(7) By 1787, the Franklinites were forcibly driving Uchee, Creek and Chickasaw villages out of the Cumberland Plateau and establishing new settlements. The State of Franklin had signed a treaty with the Cherokee Nation to get title for their lands in eastern Tennessee and therefore created the myth that we have today in the history books that the Cherokees also lived in Middle Tennessee. Under the Articles of Confederation, only Congress could have direct treaties with Indian tribes or remove Indian tribes from their lands. The treatment of the Indians inflamed the conflict between the Franklinites and the followers of John Tipton into constant brawls and ultimately, skirmishes.
On February 28, 1788 Colonel and now Governor John Sevier led 100 Franklinite militiamen in an attack on John Tipton’s house. The following morning, an approximately equal force of Tiptonites arrived to reinforce those defending the Tipton House. The Franklinites were forced to retreat. Already Upper Creek and Chickasaw war parties had been attacking Franklinite settlements in the Cumberland Plateau, while Chickamauga Cherokees, who refused to sign a treaty with the State of Franklin, attacked settlements in southeastern Tennessee.
The State of Franklin was quickly bankrupted. John Sevier approached Spanish officials in Louisiana about being annexed to the Kingdom of Spain in return for being given a bail-out loan. North Carolina and Congress found out about this intrigue, and quickly squashed the State of Franklin. Congress created the Southwest Territory in 1790.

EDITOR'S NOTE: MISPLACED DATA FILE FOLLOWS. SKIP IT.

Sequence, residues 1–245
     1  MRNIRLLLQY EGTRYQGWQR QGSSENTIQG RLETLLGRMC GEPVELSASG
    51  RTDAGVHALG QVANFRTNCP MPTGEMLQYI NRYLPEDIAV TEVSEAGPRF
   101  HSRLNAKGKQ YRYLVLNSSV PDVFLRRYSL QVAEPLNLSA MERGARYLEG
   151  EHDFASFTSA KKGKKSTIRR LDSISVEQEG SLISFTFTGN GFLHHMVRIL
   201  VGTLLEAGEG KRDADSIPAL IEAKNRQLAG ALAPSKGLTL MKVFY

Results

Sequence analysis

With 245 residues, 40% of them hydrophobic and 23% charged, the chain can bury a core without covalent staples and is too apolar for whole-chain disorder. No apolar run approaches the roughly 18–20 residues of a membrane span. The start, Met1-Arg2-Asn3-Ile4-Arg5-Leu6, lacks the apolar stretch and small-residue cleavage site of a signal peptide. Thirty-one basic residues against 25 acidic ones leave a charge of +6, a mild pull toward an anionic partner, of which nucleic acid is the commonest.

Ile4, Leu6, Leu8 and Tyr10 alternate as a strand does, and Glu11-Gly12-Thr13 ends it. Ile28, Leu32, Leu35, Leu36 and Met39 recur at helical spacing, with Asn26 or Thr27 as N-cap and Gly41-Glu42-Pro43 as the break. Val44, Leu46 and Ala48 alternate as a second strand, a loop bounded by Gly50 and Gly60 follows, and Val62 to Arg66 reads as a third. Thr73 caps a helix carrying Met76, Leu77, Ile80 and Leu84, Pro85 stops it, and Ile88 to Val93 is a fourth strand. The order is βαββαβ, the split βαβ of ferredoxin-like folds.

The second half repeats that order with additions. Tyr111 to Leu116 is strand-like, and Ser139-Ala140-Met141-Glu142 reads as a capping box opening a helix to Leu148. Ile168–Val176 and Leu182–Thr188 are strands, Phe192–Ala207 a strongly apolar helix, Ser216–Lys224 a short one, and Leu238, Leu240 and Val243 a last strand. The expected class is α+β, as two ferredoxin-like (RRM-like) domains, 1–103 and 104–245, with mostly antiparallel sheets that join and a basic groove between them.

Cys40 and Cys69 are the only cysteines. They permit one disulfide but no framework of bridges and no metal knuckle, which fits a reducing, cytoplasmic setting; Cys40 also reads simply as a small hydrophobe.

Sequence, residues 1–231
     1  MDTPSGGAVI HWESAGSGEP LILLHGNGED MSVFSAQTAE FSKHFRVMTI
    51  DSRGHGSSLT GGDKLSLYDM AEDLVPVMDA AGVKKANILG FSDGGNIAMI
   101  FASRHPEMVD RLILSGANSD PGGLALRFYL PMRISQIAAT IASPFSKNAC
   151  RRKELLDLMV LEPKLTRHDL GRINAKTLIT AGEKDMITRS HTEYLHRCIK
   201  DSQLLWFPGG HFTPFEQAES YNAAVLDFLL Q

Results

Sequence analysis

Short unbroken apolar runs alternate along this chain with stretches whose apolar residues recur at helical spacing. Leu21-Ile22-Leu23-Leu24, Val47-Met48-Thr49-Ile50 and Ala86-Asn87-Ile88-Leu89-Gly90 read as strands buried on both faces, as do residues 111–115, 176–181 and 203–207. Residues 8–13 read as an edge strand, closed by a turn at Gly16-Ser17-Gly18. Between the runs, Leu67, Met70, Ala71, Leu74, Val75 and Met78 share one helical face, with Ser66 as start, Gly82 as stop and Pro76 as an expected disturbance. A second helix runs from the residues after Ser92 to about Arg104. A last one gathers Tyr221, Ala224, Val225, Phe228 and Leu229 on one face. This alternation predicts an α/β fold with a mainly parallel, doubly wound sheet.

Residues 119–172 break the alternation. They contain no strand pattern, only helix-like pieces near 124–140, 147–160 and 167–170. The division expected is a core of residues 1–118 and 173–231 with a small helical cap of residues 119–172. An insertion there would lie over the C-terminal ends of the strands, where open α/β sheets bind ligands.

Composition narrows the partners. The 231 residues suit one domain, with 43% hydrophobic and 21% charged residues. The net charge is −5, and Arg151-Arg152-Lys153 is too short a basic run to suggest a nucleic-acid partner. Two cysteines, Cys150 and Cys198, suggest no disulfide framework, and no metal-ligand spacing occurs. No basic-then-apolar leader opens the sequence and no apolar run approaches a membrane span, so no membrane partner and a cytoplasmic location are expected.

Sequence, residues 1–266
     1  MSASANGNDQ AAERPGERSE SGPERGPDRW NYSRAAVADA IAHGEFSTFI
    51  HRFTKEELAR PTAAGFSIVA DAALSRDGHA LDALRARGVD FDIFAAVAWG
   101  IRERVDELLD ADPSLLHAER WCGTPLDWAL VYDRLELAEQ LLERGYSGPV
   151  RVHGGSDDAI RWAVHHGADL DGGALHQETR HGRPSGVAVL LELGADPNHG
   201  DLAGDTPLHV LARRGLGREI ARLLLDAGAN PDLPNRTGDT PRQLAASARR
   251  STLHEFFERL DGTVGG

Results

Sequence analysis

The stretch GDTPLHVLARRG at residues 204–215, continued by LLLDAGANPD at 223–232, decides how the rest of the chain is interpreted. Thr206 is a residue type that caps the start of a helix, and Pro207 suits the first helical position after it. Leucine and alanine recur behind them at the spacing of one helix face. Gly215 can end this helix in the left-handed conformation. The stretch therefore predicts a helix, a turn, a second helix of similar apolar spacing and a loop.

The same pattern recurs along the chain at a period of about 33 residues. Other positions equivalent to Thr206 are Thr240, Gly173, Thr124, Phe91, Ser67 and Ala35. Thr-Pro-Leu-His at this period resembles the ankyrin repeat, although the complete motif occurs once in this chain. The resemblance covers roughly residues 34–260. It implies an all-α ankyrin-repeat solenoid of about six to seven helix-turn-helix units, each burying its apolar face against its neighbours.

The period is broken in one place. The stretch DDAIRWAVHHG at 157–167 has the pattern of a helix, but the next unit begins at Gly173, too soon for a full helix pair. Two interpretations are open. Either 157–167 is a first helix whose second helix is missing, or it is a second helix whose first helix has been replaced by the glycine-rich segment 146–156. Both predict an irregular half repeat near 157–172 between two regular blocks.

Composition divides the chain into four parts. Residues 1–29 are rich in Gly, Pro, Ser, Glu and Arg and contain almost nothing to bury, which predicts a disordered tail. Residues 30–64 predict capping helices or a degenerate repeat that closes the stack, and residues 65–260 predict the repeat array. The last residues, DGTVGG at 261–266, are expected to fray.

Leaders in the Southwest Territory didn’t like the Maya name of the main river in their soon-to-be state because it would be very embarrassing to Southeastern anthropology professors in the 21st century. Therefore, they changed the name of the Callimaco River to Tennessee and the Tanasee River to Little Tennessee. Soon thereafter, they decided that the name of the new state would be Tennessee.
And now you know!
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Richard Thornton is a professional architect, city planner, author and museum exhibit designer-builder. He is today considered one of the nation’s leading experts on the Southeastern Indians. However, that was not always the case. While at Georgia Tech Richard was the first winner of the Barrett Fellowship, which enabled him to study Mesoamerican architecture and culture in Mexico under the auspices of the Institutio Nacional de Antropoligia e Historia. Dr. Roman Piňa-Chan, the famous archaeologist and director of the Museo Nacional de Antropologia, was his fellowship coordinator. For decades afterward, he lectured at universities and professional societies around the Southeast on Mesoamerican architecture, while knowing very little about his own Creek heritage. Then he was hired to carry out projects for the Muscogee-Creek Nation in Oklahoma. The rest is history.Richard is the Tribal Historic Preservation Officer for the KVWETV (Coweta) Creek Tribe and a member of the Perdido Bay Creek Tribe. In 2009 he was the architect for Oklahoma’s Trail of Tears Memorial at Council Oak Park in Tulsa. He is the president of the Apalache Foundation, which is sponsoring research into the advanced indigenous societies of the Lower Southeast.